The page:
10 O-U, Reon BS OsU- RE OOF P chad eo Eee aN eee

From Dr. W. O. Stillman, president of the American Humane Association, Albany, N. Y.:

The American Humane Association has held its 45th Annual Meeting, most successfully, in Philadelphia. At one gathering there were some five hundred people present. Shortly be- fore this meeting President Harding planted a tree on the White House Grounds in Washington, in commemoration of nearly seventy thousand American animals which perished in the recent ereat war. The Red Star Department has just erected a splendid Bronze Memorial Tablet in the War Department Building, in Washington, to commemorate the same loss. It was unveiled by Mrs. Harding, in the presence of generals of the army and an important assemblage, and was at once accepted by the War Department on behalf of the Government.

The American Humane Association desires to increase its efficiency and the value of humane work for animal protection during the coming year. It has promised and already undertaken important reforms connected with live stock transportation. Similar actionisurgently needed to correct some of the frightful abuses connected with the slaughterhouses. Range stock reforms need additional attention. Our Association has already undertaken to co-operate with the Goy- ernment to improve conditions in these directions and to secure needed legislation.


A great reform which the Red Star has taken up is an exposure of the frightful abuses connected with trapping. A leaflet has been published, entitled. “Cruel Trapping Must Go.” Large prizes are offered for essays discussing the abuses and offering suggestions for their relief. It has been proved, by actual statistics, that millions of small animals are killed each year by steel traps for the sake of their furs. Hundreds of thousands of harmless birds and animals, even domestic animals, are known to be accidentally killed by this cruel practice. As furs are best in winter the traps are often set in remote regions during the time of heavy snow and intense cold. Animals frequently remain in these traps for days, without food or water. Large numbers die of cold and starvation, as well as the assaults of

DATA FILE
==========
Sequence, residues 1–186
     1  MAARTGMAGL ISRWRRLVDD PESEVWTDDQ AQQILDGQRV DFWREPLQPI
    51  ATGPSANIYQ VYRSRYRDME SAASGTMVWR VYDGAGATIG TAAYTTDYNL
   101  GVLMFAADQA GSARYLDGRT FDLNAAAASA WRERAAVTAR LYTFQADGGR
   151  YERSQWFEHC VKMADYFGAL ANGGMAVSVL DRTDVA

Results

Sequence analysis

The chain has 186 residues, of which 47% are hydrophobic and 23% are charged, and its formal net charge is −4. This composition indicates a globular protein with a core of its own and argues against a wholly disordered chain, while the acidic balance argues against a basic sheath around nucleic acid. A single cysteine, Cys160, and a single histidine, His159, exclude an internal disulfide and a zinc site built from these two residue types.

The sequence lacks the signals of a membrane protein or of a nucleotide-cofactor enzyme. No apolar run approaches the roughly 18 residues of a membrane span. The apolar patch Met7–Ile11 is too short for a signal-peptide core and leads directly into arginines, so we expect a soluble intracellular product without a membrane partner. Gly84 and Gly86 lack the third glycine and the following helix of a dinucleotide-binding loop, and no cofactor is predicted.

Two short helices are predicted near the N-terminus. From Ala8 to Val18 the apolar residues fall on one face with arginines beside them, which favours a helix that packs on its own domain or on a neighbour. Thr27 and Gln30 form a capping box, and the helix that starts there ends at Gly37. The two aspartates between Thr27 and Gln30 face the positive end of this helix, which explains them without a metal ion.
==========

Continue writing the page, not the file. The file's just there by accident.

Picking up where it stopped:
‘their animal enemies that eat them alive.

“Whitney Made,” Worcester

Little Brethren of the Air

“Inasmuch as ye have done it unto one of the least of these My brethren, ye have done it unto Me.” -

Huddled in the leafless trees, Storm swept and forlorn,

Little sparrows doze and freeze Till the cheerless morn.

For what of any food is there When the sheeted: white

Of the snows is laid above All the earth at night?

Yet I know one window ledge Where, in direst need,

Little winged souls may find Scattered crumbs and seed.

And when breaks the cold white day, Comes a twittering sound Where the sparrows chirp ‘‘ Hooray,

See what we have found!’ —M. E. Buhler in the New York Sun.